In order to mitigate the social and ecological impacts of post-consumer plastic made of conventional petrochemical polymers, the market of (bio)degradable plastics have recently become more widespread. Although (bio)degradable plastics could be an environmentally friendly substitute of petrochemical ones, the consequences of their presence in the waste management system and in the environment (if not correctly disposed) are not always positive and plastic pollution is not automatically solved. Consequently, this work aims to review how plastic (bio)degradability affects the municipal solid waste management cycle. To this end, the state-of-the-art of the intrinsic (bio)degradability of conventional and unconventional petrochemical and bio-based polymers has been discussed, focusing on the environment related to the waste management system. Then, the focus was on strategies to improve polymer (bio)degradability: different types of eco-design and pre-treatment approach for plastics has been investigated, differently from other works that focused only on specific topics. The information gathered was used to discuss three typical disposal/treatment routes for plastic waste. Despite many of the proposed materials in eco-design have increased the plastics (bio)degradability and pre-treatments have showed interesting results, these achievements are not always positive in the current MSW management system. The effect on mechanical recycling is negative in several cases but the enhanced (bio)degradability can help the treatment with organic waste. On the other hand, the current waste treatment facility is not capable to manage this waste, leading to the incineration the most promising options. In this way, the consumption of raw materials will persist even by using (bio)degradable plastics, which strength the doubt if the solution of plastic pollution leads really on these materials. The review also highlighted the need for further research on this topic that is currently limited by the still scarce amount of (bio)degradable plastics in input to full-scale waste treatment plants.

The role of (bio)degradability on the management of petrochemical and bio-based plastic waste

De Gisi S.;Gorrasi G.;Sorrentino A.
2022

Abstract

In order to mitigate the social and ecological impacts of post-consumer plastic made of conventional petrochemical polymers, the market of (bio)degradable plastics have recently become more widespread. Although (bio)degradable plastics could be an environmentally friendly substitute of petrochemical ones, the consequences of their presence in the waste management system and in the environment (if not correctly disposed) are not always positive and plastic pollution is not automatically solved. Consequently, this work aims to review how plastic (bio)degradability affects the municipal solid waste management cycle. To this end, the state-of-the-art of the intrinsic (bio)degradability of conventional and unconventional petrochemical and bio-based polymers has been discussed, focusing on the environment related to the waste management system. Then, the focus was on strategies to improve polymer (bio)degradability: different types of eco-design and pre-treatment approach for plastics has been investigated, differently from other works that focused only on specific topics. The information gathered was used to discuss three typical disposal/treatment routes for plastic waste. Despite many of the proposed materials in eco-design have increased the plastics (bio)degradability and pre-treatments have showed interesting results, these achievements are not always positive in the current MSW management system. The effect on mechanical recycling is negative in several cases but the enhanced (bio)degradability can help the treatment with organic waste. On the other hand, the current waste treatment facility is not capable to manage this waste, leading to the incineration the most promising options. In this way, the consumption of raw materials will persist even by using (bio)degradable plastics, which strength the doubt if the solution of plastic pollution leads really on these materials. The review also highlighted the need for further research on this topic that is currently limited by the still scarce amount of (bio)degradable plastics in input to full-scale waste treatment plants.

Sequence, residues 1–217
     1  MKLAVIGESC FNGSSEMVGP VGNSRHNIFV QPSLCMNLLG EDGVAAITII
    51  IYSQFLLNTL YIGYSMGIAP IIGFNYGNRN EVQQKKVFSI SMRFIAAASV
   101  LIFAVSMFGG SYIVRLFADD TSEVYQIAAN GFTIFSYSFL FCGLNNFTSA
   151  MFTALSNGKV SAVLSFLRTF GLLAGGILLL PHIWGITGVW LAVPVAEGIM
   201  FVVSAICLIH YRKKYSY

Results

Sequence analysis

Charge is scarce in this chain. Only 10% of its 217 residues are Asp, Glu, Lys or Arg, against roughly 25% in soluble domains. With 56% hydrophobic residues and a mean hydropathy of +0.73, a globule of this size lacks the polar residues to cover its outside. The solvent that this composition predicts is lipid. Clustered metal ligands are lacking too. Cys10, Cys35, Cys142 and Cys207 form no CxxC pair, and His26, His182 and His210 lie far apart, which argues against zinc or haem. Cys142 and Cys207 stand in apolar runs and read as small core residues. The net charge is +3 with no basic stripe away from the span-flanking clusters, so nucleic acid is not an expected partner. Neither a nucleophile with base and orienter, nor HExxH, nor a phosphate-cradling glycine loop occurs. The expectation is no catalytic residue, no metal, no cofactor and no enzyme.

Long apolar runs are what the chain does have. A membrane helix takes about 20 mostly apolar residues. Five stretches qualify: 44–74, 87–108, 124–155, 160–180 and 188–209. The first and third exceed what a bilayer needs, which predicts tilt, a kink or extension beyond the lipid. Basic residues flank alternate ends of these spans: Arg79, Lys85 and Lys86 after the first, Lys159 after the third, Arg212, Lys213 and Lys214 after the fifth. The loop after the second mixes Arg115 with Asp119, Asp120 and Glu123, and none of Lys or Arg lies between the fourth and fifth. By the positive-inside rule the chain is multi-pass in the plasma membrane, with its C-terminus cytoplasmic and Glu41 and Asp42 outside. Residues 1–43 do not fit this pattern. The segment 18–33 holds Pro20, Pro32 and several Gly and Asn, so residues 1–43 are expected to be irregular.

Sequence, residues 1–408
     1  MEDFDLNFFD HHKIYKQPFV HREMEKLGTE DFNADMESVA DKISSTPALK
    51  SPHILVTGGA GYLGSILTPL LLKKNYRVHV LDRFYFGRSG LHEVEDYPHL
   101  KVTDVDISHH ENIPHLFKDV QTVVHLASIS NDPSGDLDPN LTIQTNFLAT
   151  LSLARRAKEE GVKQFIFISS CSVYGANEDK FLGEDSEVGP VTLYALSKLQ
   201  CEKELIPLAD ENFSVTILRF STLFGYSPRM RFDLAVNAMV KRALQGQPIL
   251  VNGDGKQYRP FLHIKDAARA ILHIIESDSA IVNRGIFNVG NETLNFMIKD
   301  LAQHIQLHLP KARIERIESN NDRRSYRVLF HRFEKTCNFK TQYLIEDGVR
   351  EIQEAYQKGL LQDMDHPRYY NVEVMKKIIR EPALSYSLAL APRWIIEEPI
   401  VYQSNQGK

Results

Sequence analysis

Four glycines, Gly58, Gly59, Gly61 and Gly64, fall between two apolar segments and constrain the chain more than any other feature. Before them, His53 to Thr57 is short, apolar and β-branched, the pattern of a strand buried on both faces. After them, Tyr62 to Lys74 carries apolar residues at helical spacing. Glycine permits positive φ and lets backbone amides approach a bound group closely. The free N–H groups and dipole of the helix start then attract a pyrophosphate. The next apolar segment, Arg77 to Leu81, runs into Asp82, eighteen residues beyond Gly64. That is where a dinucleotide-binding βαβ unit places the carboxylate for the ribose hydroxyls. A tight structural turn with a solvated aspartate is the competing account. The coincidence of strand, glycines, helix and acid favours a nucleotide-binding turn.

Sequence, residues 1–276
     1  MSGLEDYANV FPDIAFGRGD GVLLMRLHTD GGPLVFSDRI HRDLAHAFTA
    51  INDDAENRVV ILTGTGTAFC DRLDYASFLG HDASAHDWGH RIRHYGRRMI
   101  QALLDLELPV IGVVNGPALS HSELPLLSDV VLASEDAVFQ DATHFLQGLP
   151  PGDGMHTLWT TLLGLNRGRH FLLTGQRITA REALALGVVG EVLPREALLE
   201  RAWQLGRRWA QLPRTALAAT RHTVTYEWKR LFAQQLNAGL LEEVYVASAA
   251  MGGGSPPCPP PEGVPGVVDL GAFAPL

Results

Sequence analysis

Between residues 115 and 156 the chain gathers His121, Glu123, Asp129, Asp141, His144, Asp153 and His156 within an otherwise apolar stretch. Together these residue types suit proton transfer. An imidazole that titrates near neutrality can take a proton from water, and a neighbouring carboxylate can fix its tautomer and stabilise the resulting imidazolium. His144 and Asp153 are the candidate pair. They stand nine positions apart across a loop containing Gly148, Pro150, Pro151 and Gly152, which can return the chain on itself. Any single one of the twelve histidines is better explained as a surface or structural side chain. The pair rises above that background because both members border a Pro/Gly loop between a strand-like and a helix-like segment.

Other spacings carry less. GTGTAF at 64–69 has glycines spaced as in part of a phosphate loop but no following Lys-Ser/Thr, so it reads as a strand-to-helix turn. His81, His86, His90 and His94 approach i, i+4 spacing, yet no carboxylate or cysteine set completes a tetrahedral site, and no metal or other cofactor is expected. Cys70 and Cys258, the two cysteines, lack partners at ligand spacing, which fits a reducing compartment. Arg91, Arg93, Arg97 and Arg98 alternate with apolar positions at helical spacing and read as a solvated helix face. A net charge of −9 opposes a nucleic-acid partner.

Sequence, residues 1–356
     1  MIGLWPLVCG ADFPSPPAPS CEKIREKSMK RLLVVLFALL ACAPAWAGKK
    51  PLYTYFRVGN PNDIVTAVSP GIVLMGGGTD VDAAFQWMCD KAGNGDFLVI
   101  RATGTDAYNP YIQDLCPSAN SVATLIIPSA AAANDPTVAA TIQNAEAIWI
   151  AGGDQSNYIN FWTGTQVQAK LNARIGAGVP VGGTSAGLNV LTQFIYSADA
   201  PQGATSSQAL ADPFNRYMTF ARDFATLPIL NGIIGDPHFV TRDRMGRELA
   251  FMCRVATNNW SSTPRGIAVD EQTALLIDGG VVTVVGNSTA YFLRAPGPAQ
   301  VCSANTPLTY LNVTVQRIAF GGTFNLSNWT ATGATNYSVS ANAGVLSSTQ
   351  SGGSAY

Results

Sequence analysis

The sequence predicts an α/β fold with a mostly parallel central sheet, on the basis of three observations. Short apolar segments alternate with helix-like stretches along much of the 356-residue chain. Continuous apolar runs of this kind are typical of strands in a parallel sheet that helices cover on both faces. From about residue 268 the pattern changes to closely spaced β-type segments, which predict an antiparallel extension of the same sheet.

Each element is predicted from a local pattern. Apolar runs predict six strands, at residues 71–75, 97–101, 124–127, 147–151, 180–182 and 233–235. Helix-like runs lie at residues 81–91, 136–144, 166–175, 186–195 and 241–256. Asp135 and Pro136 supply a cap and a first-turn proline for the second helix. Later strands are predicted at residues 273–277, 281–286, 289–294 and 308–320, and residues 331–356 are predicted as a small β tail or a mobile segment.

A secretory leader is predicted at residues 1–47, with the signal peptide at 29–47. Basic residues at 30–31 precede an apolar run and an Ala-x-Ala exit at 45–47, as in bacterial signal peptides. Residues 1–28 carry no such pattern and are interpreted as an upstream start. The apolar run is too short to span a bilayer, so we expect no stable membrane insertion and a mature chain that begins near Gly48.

File in questo prodotto:
Non ci sono file associati a questo prodotto.

I documenti in IRIS sono protetti da copyright e tutti i diritti sono riservati, salvo diversa indicazione.

Utilizza questo identificativo per citare o creare un link a questo documento: http://hdl.handle.net/11386/4795309
 Attenzione

Attenzione! I dati visualizzati non sono stati sottoposti a validazione da parte dell'ateneo

Citazioni
  • ???jsp.display-item.citation.pmc??? 0
  • Scopus 4
  • ???jsp.display-item.citation.isi??? 4
social impact